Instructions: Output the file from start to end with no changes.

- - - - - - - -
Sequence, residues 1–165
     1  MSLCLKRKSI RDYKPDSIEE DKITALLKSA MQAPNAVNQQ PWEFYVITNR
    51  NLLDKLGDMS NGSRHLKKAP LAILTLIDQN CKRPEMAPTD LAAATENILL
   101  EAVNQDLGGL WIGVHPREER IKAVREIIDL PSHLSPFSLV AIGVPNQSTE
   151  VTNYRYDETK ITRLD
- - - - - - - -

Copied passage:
Sequence, residues 1–165
     1  MSLCLKRKSI RDYKPDSIEE DKITALLKSA MQAPNAVNQQ PWEFYVITNR
    51  NLLDKLGDMS NGSRHLKKAP LAILTLIDQN CKRPEMAPTD LAAATENILL
   101  EAVNQDLGGL WIGVHPREER IKAVREIIDL PSHLSPFSLV AIGVPNQSTE
   151  VTNYRYDETK ITRLD